Five Guys Walk Into A Bar...
The definitive 4-CD box set featuring 32 previously unissued tracks.
"If any one of us could have sung, we'd never have got Rod Stewart in," The Faces organist/pianist Ian McLagan told me recently. "After Steve Marriott left The Small Faces we never wanted to employ a lead singer again."
Perhaps it was a simple case of a self-fulfilling prophecy that Stewart went on to exceed all of McLagan's worst fears in The Faces. The group's first two platters, 1970's First Step and Long Player from '71, floundered. Rod's simultaneous carreer, however, did a roaring trade, his breakthrough third LP, Every Picture Tells A Story, and its single, Maggie May (both featuring The Faces on backing), reaching the top spots of their respective charts. Not only was it rumoured that Stewart was stealing the cream of the combo's material for himself, he was also throwing rock star tantrums and basking in the glory attributed to him for his good looks and foxy strut - hence the band's eventual Motownesque billing as Rod Stewart And The Faces - leaving chief songwriter Ronnie Lane in the shadows.
It's fortuitous, though, that Lane, Ron Wood, McLagan and Kenny Jones decided they couldn't sing, for it's hard to envisage the four-piece, despite their obvious talent, achieving such musical notoriety without that soulful, throaty ras of Stewart's draped over their trademark boozy, uproarious collision of blues and rock.
Their four studio albums (recorded over as many years) are way overdue an overhaul. Aside from 1999's best of, Good Boys... When They're Asleep, there's been no deluxe edition remastering of their back catalogue and no rarities compilation either. It's been left to the bootleggers to fill the gap in the fans' record collection. Until now, that is. Not surprisingly it's tracks from The Faces' third and arguably landmark LP, A Nod's As Good As A Wink, and their fourth, Ooh La La, that make up the bulk of the released cuts here. Eight tracks from the latter include the raucous knockabout Borstal Boys and the reflective, Wood-sung title cut, while seven are from the former, including the group's signature Stay With Me and the contrastingly wistful social commentary of the Ronnie Lane ballad, Debris. While the group tended to revel in laddish tomfoolery, Debris is a poignant reminder that they didn't in a vacuum. Even the seemingly carefree Faces were troubled by a Britain tormented by blackouts and strikes.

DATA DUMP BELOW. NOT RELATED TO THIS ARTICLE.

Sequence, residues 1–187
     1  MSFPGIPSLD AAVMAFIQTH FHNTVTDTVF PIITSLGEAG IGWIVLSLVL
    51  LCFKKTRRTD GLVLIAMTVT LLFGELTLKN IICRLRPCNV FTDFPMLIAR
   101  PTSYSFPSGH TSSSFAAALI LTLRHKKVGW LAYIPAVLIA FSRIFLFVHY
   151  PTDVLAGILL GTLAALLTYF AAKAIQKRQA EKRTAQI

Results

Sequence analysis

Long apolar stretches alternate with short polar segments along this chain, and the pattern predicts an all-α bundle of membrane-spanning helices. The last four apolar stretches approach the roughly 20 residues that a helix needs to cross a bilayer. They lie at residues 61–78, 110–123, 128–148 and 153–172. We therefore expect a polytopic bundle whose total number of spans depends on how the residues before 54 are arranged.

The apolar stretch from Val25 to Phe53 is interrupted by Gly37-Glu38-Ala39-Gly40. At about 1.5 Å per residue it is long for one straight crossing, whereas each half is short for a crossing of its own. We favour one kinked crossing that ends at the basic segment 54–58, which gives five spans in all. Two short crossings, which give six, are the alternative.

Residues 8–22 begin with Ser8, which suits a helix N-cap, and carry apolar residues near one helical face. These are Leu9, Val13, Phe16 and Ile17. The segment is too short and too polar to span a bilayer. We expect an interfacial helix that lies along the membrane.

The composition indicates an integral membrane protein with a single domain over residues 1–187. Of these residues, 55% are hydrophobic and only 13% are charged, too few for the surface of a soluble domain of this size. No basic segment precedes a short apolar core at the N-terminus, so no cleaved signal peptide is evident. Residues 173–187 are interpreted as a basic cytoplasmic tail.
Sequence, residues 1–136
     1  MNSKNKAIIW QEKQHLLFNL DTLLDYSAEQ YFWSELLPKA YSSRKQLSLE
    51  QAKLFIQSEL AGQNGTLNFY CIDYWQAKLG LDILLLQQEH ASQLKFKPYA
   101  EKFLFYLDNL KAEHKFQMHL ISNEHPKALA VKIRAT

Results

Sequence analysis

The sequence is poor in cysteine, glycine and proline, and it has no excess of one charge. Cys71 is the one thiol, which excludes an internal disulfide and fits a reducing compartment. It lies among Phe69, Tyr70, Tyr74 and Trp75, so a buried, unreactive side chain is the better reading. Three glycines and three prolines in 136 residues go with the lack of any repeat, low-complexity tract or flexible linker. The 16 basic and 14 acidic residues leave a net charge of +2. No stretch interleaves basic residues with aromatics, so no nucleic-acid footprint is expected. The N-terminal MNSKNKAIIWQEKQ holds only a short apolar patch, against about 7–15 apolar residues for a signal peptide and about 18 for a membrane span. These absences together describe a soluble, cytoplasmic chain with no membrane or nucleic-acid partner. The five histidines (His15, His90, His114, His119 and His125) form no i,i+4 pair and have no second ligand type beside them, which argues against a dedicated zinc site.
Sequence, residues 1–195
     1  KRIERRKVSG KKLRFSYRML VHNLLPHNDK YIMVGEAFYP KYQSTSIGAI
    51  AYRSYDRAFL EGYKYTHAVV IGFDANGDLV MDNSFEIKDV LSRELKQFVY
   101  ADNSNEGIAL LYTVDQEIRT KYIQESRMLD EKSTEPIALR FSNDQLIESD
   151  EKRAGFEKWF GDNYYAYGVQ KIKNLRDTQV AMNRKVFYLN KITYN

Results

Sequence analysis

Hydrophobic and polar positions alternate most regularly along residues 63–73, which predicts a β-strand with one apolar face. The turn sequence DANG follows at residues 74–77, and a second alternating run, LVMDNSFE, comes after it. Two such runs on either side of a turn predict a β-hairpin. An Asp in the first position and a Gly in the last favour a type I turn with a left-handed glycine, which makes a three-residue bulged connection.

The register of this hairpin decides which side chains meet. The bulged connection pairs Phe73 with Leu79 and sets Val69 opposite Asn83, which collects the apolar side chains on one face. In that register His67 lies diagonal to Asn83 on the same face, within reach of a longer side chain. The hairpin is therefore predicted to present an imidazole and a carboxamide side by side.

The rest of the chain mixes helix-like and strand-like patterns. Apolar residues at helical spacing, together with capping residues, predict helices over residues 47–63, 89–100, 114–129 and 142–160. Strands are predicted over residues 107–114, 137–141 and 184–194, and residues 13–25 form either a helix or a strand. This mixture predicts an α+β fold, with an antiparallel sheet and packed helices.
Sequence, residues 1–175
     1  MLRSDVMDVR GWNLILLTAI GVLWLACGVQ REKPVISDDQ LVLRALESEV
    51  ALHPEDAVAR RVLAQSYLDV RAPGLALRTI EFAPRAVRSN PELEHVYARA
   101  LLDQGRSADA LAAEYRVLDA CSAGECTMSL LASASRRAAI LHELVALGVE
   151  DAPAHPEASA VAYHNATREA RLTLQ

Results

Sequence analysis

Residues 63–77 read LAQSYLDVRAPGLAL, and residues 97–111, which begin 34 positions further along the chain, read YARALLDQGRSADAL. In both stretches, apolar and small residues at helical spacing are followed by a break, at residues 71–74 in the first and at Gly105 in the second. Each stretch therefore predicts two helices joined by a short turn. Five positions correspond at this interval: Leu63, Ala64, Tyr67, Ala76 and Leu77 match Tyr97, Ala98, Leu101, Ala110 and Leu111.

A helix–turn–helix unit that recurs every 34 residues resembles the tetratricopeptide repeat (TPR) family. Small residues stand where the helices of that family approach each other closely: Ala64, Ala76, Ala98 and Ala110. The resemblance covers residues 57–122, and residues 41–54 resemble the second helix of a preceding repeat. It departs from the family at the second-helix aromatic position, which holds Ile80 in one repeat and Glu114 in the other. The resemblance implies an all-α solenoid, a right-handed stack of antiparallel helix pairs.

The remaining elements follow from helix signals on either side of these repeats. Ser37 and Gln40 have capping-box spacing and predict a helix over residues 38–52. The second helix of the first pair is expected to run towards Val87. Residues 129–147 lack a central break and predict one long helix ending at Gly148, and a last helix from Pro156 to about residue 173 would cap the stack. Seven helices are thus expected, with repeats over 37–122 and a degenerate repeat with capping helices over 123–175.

The three cuts culled from First Step (the affectionate rave-up, Three Button Hand Me Down, Around The Plynth and Flying) show a band finding their feet, while five from the underrated Long Player set out their manifesto, hence titles like Had Me A Real Good Time and Bad'n'Ruin. While the inclusion of their two non album singles - '73's Pool Hall Richard and '74 You Can Make Me Dance, Sing Or Anything, plus assorted B-sides and the self explanatory Dishevelment Blues, a 1973 flexi-disc given away with the NME, this is a first-rate round-up.
But, of course, the unissued cuts are the most edifying. Covers of Big Bill Broonzy's I Feel So Good, Willie Dixon's Eveil and their self -penned Shake, Shuder, Shiver from their first rehearsals in the summer of 1969 reveal the group's fledging sound - an exhilarating Small Facesesque blend of soul and rock courtesy of McLagan's Booker T.-styled organ playing and Lane's proto-funk bass, with a progressive blues hangover from Stewart and Wood's former employers, The Jeff Beck Group.
Other notable renditions include Paul McCartney's Maybe I'm Amazed from the BBC programme Sounds For Saturday (far outstripping their single version), a poignant reading of John Lennon's Jealous Guy, plus a live version of Free's The Stealer, revealing the group to be a much heavier prospect live than their records suggest. Takes on Hendrix's Angel and The Temptations' (I Know) I'm Losing You far outshine Rod's solo versions for passion, while a cover of The Beach Boys' Gettin' Hungry, from the group's final recording session, reveal a band still with much to offer - despite the disappointing 1973 post-Lane outing, Coast to Coast, might suggest. It's just a shame McLagan's worries came true. When Rod's carreer exploded, so lead singer number two left him and his playmates in the debris.